6-10 July: International Medieval Congress, University of Leeds (Virtual IMC)

The research cluster, in association with MEMC at the University of Sydney, organised three sessions at IMC 2020, the theme of which was ‘Borders’. The conference took place virtually, with two of the cluster’s sessions going ahead online. Members of the cluster were also involved with a session on the Marches of Britain and Ireland. Speakers and papers are listed here:

‘Writing Identity in Liminal Spaces I: Crafting Religious Identities’
Organiser: Helen Fulton, University of Bristol
Moderator: Jan Shaw, University of Sydney
Paper a: Emma Knowles, University of Sydney, ‘Into the Wild: Escape and Exile in the Characterisation of Hagar and Ishmael in Old English Texts’
Paper b: Robert Cutrer, University of Sydney, ‘Mapping the Monster: Redefining Space in Yngvars saga vi∂förla’

‘Writing Identity in Liminal Spaces II: Hybridity, Multilingualism, and the Politics of Location in Late Medieval Britain’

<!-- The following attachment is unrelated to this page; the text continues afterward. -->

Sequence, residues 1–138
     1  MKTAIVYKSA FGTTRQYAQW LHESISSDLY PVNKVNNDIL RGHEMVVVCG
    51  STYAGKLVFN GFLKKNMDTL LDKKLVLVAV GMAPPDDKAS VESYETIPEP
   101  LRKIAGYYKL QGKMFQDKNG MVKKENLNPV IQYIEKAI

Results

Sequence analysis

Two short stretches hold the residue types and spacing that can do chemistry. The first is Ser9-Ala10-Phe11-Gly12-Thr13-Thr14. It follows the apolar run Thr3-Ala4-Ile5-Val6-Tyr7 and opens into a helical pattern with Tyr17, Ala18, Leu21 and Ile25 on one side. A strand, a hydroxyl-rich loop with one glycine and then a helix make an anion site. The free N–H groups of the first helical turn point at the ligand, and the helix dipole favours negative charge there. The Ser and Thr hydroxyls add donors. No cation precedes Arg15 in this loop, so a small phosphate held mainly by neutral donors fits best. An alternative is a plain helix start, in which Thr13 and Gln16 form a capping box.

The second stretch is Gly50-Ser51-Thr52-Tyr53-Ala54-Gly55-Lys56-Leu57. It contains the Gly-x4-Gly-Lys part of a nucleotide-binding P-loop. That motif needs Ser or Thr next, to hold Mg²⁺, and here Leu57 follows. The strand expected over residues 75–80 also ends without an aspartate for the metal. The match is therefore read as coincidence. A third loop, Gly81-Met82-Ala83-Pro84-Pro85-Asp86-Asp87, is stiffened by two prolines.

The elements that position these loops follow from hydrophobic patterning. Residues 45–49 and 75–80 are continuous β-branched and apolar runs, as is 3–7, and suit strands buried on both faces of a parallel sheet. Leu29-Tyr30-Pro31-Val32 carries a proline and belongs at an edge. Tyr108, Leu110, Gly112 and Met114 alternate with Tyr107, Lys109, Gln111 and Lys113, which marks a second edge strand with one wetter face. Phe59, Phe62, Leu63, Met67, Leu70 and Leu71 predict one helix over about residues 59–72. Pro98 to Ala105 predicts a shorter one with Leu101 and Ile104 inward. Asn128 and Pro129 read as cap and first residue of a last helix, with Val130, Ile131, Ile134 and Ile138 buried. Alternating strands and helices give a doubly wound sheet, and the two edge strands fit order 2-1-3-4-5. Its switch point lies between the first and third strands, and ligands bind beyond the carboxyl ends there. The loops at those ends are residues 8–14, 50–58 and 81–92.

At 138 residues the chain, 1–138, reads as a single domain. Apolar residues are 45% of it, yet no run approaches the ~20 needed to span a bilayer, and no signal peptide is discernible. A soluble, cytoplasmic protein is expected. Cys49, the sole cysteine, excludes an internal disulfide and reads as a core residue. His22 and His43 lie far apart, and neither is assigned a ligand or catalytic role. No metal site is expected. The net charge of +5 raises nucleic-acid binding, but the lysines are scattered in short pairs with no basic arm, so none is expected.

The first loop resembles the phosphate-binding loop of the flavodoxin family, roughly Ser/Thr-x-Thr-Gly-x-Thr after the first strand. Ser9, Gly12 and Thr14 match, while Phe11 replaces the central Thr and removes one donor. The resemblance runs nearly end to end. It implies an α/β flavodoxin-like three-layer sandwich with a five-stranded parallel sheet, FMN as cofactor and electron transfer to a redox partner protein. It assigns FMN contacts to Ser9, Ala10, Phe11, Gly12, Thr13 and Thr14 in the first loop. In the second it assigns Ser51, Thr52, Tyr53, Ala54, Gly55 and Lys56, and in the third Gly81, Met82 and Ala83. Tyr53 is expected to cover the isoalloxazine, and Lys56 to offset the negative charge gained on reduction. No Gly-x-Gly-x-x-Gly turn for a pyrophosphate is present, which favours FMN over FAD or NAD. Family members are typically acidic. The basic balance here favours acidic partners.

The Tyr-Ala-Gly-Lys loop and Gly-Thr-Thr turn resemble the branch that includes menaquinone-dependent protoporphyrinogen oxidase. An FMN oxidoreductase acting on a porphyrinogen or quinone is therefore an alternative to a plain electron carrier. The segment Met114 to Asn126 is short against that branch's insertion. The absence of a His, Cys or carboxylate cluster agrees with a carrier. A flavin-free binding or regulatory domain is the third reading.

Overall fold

Organiser: Helen Fulton (University of Bristol) and Jan Shaw (University of Sydney)
Moderator: Helen Fulton
Paper a: Victoria Flood, University of Birmingham, ‘Sir Gawain and the Green Knight, the West Midlands, and the March of Wales’
Paper b: Ad Putter, University of Bristol, ‘A Migrant Community in Medieval London: The Hat Makers from the Low Countries’
Paper c: Jan Shaw, University of Sydney, ‘Negotiating Hybrid Leadership Identities in the Borderlands of Romance’
Paper d: Rowena McCallum, Queen’s University Belfast, ‘Literary Depictions of the Mendicant Orders in Medieval Ireland’

‘The Marches of Britain and Ireland, 1100–1400 I: Identity’
Organiser: Georgia Henley (St Anselm College) and Victoria Shirley (Cardiff University)
Moderator: Victoria Shirley
Paper a: Thomas Lee Davies, Bangor University, ‘Welsh, English, and Norman: Identity, Image and Perception in Medieval South-East Wales’
Paper b: Helen Fulton, University of Bristol, ‘Hybrid Identities: Bilingual Poetry on the March of Wales’
Paper c: Pawel Derecki, Uniwersytet Warszawski, ‘Some Remarks on Anglo-Welsh Borderlands, 9th–12th Centuries’